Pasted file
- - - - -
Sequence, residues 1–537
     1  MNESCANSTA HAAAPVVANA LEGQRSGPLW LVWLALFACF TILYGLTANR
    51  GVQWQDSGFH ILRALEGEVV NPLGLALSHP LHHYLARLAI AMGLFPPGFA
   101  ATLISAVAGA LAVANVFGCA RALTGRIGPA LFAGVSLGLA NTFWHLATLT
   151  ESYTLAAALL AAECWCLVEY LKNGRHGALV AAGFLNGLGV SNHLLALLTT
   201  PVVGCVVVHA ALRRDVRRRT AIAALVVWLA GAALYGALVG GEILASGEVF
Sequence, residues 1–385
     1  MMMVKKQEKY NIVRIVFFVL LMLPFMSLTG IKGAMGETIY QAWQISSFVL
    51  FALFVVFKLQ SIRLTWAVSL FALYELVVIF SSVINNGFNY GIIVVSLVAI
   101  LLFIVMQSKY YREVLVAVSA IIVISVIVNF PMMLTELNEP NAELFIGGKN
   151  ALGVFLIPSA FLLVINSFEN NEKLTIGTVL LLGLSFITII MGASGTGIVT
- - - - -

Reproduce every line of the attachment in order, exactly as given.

Sequence, residues 1–537
     1  MNESCANSTA HAAAPVVANA LEGQRSGPLW LVWLALFACF TILYGLTANR
    51  GVQWQDSGFH ILRALEGEVV NPLGLALSHP LHHYLARLAI AMGLFPPGFA
   101  ATLISAVAGA LAVANVFGCA RALTGRIGPA LFAGVSLGLA NTFWHLATLT
   151  ESYTLAAALL AAECWCLVEY LKNGRHGALV AAGFLNGLGV SNHLLALLTT
   201  PVVGCVVVHA ALRRDVRRRT AIAALVVWLA GAALYGALVG GEILASGEVF
Sequence, residues 1–385
     1  MMMVKKQEKY NIVRIVFFVL LMLPFMSLTG IKGAMGETIY QAWQISSFVL
    51  FALFVVFKLQ SIRLTWAVSL FALYELVVIF SSVINNGFNY GIIVVSLVAI
   101  LLFIVMQSKY YREVLVAVSA IIVISVIVNF PMMLTELNEP NAELFIGGKN
   151  ALGVFLIPSA FLLVINSFEN NEKLTIGTVL LLGLSFITII MGASGTGIVT